Swim England

A nation swimming

LOCKDOWN E-LEARNING - TRY A TRAINING COURSE OR CPD

Still ways to ensure Big School Swim can be key part of lessons across the country

While pools might be closed across the country in a second national lockdown, school swimming lessons can still take place if facilities remain open.

However, there is more than one way to able pupils to learn vital water safety skills as Katie Towner, Swim England Head of Learn to Swim, explains.

This week should have been a huge celebration of everything that is great about school swimming.

Unfortunately, the necessary measures taken to tackle the spread of coronavirus has prevented our popular Big School Swim from taking place in its usual format.

School swimming lessons as part of the national curriculum are still allowed to go ahead in the second national lockdown, although we are well aware not everyone will have access to the water as a lot of public pools are closed.

However, there are still ways to ensure that the Big School Swim can be a key part of lessons in classrooms across the country this week.

Drowning is the third most common cause of accidental death in children, so it is vital that every pupil has the opportunity to learn survival and self-rescue skills.

Yes, pools are vital to help pupils achieve the key elements of performing a safe self-rescue and swimming competently using a variety of strokes by the time they leave primary school.

However, there are a number of resources available to help warn of the dangers of being around open water that can be taught in the classroom.

So if you’re walking along a canal path, for example, pupils are aware of what to do if someone gets into trouble.

For that reason alone, there is no excuse for not marking Big School Swim week by ensuring pupils are taught basic water safety skills.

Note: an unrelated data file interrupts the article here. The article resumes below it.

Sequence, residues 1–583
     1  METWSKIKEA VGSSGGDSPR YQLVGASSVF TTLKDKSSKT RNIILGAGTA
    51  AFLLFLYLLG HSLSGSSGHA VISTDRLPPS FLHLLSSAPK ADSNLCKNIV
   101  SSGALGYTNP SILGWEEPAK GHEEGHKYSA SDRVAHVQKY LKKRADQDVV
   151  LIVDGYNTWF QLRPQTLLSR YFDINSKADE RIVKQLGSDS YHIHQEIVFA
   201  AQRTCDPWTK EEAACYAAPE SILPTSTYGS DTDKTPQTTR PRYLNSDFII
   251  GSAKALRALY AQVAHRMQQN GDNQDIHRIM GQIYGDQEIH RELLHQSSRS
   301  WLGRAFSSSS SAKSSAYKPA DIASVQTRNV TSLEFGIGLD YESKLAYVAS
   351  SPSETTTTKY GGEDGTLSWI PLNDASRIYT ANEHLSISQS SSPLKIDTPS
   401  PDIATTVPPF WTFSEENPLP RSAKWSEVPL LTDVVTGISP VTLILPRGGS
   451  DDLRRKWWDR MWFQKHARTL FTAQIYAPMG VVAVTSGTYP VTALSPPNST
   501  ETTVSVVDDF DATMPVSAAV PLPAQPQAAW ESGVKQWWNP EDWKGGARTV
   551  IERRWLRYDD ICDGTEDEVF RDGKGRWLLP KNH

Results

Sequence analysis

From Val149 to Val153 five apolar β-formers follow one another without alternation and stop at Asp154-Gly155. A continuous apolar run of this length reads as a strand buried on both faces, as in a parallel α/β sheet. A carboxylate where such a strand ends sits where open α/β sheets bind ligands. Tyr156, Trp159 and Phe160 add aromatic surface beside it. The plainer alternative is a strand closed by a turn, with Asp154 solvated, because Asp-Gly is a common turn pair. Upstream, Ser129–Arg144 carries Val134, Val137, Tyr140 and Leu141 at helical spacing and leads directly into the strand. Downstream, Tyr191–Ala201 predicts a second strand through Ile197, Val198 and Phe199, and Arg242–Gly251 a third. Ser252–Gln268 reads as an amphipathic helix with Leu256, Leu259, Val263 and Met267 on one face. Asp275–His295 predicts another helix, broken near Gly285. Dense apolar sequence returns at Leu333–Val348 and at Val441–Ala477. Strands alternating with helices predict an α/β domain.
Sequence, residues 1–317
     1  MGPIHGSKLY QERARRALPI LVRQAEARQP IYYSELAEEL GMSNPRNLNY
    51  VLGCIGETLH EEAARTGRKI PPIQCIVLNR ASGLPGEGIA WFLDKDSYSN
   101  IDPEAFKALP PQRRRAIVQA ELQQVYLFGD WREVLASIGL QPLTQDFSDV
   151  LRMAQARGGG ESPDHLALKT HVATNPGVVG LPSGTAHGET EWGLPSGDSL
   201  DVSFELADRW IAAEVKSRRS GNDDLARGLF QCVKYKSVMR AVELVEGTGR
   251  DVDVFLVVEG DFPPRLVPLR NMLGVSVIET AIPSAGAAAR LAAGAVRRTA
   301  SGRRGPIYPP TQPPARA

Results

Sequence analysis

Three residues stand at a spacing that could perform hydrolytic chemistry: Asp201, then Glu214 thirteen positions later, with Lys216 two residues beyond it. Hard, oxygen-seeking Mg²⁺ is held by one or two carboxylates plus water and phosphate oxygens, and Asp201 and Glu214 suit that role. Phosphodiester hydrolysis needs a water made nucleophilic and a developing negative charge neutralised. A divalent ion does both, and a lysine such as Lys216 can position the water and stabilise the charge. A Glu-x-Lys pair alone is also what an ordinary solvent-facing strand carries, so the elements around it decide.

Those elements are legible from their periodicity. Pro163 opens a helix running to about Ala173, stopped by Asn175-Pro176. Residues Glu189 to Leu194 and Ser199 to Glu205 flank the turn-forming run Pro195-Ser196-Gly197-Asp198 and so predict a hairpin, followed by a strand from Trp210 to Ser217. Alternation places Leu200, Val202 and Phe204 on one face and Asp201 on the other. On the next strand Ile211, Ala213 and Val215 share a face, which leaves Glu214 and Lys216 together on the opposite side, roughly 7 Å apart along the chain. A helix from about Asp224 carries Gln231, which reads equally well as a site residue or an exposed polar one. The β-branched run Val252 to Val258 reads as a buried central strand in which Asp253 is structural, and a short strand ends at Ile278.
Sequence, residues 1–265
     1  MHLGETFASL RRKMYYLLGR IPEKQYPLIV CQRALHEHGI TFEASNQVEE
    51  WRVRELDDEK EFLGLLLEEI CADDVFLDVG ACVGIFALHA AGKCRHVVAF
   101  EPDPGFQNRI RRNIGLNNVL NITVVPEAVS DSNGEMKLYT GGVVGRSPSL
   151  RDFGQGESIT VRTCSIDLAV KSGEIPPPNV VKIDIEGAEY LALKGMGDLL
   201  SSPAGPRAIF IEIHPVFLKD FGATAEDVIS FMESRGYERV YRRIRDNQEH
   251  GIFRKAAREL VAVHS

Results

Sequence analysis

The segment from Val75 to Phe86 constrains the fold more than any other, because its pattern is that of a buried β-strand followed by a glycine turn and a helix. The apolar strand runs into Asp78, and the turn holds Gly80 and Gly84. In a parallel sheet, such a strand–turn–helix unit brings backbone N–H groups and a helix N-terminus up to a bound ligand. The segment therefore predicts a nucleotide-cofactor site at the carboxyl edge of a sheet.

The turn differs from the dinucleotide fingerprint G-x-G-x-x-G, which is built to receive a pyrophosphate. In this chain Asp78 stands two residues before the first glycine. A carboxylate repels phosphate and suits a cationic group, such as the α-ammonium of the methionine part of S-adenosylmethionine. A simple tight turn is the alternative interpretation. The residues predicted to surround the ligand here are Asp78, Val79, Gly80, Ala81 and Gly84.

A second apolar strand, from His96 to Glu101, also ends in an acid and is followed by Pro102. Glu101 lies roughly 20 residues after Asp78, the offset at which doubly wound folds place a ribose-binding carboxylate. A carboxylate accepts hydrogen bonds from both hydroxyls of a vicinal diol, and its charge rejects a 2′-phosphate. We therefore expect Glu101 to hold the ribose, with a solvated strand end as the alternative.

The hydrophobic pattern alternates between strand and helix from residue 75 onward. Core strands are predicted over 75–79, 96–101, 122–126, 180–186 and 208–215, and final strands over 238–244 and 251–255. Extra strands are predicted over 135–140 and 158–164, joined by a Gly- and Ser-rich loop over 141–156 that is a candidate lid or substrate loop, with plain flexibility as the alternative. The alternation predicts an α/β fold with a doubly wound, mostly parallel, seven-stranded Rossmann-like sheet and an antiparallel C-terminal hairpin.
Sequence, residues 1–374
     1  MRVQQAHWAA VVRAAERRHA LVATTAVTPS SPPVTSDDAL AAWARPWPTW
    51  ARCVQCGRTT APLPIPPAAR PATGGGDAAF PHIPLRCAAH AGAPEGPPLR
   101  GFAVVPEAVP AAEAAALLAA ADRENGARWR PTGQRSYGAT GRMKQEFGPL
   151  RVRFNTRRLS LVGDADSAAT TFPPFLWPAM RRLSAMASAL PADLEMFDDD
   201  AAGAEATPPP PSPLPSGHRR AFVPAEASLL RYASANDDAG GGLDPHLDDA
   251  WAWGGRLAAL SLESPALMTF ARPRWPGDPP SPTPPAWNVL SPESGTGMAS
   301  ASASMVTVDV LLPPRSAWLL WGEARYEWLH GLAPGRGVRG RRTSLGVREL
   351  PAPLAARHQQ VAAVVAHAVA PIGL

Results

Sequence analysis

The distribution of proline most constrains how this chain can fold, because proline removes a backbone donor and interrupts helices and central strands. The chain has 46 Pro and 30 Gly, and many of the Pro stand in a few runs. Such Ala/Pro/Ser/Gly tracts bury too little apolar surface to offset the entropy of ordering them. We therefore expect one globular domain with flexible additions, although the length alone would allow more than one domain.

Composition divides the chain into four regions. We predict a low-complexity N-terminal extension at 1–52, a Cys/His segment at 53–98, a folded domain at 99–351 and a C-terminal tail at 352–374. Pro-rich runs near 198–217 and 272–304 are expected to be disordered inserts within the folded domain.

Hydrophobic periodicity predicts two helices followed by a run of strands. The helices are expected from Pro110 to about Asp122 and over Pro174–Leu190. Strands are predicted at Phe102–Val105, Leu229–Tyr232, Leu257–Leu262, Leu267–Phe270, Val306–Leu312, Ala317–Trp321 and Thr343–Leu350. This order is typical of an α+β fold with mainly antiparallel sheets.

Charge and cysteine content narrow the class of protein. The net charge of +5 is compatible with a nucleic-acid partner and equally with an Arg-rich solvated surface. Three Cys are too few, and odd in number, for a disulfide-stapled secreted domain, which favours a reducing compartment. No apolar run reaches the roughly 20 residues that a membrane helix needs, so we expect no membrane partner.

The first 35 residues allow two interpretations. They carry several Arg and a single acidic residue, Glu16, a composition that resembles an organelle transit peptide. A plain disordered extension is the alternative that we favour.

Important that children don’t miss out on water safety

Our free water safety resource pack helps pupils learn about the Water Safety Code, recognise the hazards in different scenarios, how to deal with cold water shock and perform key self-rescue skills.

Of course, these can be put into practice when you’re able to get back in the water but highlighting the dangers of the water can still be taught now in case anyone gets into difficulties.

For younger pupils, there are a host of free activity sheets that can be downloaded to give them an opportunity to continue to learn about water safety and strokes despite not being in the water.

We also recently published our Returning to the Pool Guidance for School Swimming and this shows how swimming lessons can be held safely and gives teachers the necessary information on booking the swim plus what to do before leaving the school, on arrival at the pool and in the water itself.

Schools and swimming lesson providers can sign up to the School Swimming and Water Safety Charter which enables exclusive access to resources and advice as well as regular updates, tips and news to keep lessons fun and exciting.

It’s incredibly important that children do not miss out on water safety lessons as a result of the coronavirus pandemic.

We’d love to see your examples of how you’re making water safety lessons fun for your pupils as well. Please share your stories by emailing schoolswimming@swimming.org.

Top